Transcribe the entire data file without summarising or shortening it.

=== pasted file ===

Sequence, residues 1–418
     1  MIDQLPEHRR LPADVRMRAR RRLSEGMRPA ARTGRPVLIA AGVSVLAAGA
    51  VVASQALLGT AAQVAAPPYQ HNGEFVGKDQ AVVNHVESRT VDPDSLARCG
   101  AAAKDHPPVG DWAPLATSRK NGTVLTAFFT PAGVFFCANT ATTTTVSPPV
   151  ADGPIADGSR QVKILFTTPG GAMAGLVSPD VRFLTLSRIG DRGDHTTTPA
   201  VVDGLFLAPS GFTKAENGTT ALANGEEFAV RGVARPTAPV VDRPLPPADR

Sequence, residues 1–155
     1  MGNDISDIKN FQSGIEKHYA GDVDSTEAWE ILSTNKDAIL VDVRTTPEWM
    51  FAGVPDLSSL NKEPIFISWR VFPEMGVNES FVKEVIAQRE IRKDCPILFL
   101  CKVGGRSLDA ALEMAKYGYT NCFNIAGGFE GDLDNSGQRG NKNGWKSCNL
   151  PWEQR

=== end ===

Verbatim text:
Sequence, residues 1–418
     1  MIDQLPEHRR LPADVRMRAR RRLSEGMRPA ARTGRPVLIA AGVSVLAAGA
    51  VVASQALLGT AAQVAAPPYQ HNGEFVGKDQ AVVNHVESRT VDPDSLARCG
   101  AAAKDHPPVG DWAPLATSRK NGTVLTAFFT PAGVFFCANT ATTTTVSPPV
   151  ADGPIADGSR QVKILFTTPG GAMAGLVSPD VRFLTLSRIG DRGDHTTTPA
   201  VVDGLFLAPS GFTKAENGTT ALANGEEFAV RGVARPTAPV VDRPLPPADR

Sequence, residues 1–155
     1  MGNDISDIKN FQSGIEKHYA GDVDSTEAWE ILSTNKDAIL VDVRTTPEWM
    51  FAGVPDLSSL NKEPIFISWR VFPEMGVNES FVKEVIAQRE IRKDCPILFL
   101  CKVGGRSLDA ALEMAKYGYT NCFNIAGGFE GDLDNSGQRG NKNGWKSCNL
   151  PWEQR